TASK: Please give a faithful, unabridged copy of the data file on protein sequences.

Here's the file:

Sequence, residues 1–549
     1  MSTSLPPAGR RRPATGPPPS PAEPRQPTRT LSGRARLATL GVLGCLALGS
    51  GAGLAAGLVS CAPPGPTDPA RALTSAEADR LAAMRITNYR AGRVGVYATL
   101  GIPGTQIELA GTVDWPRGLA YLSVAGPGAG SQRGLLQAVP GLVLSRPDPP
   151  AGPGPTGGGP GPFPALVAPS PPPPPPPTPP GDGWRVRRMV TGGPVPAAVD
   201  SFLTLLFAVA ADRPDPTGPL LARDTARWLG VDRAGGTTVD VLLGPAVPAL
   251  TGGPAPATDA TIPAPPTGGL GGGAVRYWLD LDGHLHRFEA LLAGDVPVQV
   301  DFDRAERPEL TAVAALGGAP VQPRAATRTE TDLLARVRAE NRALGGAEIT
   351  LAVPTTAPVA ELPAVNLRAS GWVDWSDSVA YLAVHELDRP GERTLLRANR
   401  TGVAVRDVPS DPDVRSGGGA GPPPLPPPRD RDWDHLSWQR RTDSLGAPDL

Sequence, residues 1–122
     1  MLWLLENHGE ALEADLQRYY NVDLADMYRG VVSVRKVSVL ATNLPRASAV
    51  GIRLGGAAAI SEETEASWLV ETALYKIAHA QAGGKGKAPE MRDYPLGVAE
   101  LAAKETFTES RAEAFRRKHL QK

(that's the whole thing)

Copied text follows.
Sequence, residues 1–549
     1  MSTSLPPAGR RRPATGPPPS PAEPRQPTRT LSGRARLATL GVLGCLALGS
    51  GAGLAAGLVS CAPPGPTDPA RALTSAEADR LAAMRITNYR AGRVGVYATL
   101  GIPGTQIELA GTVDWPRGLA YLSVAGPGAG SQRGLLQAVP GLVLSRPDPP
   151  AGPGPTGGGP GPFPALVAPS PPPPPPPTPP GDGWRVRRMV TGGPVPAAVD
   201  SFLTLLFAVA ADRPDPTGPL LARDTARWLG VDRAGGTTVD VLLGPAVPAL
   251  TGGPAPATDA TIPAPPTGGL GGGAVRYWLD LDGHLHRFEA LLAGDVPVQV
   301  DFDRAERPEL TAVAALGGAP VQPRAATRTE TDLLARVRAE NRALGGAEIT
   351  LAVPTTAPVA ELPAVNLRAS GWVDWSDSVA YLAVHELDRP GERTLLRANR
   401  TGVAVRDVPS DPDVRSGGGA GPPPLPPPRD RDWDHLSWQR RTDSLGAPDL

Sequence, residues 1–122
     1  MLWLLENHGE ALEADLQRYY NVDLADMYRG VVSVRKVSVL ATNLPRASAV
    51  GIRLGGAAAI SEETEASWLV ETALYKIAHA QAGGKGKAPE MRDYPLGVAE
   101  LAAKETFTES RAEAFRRKHL QK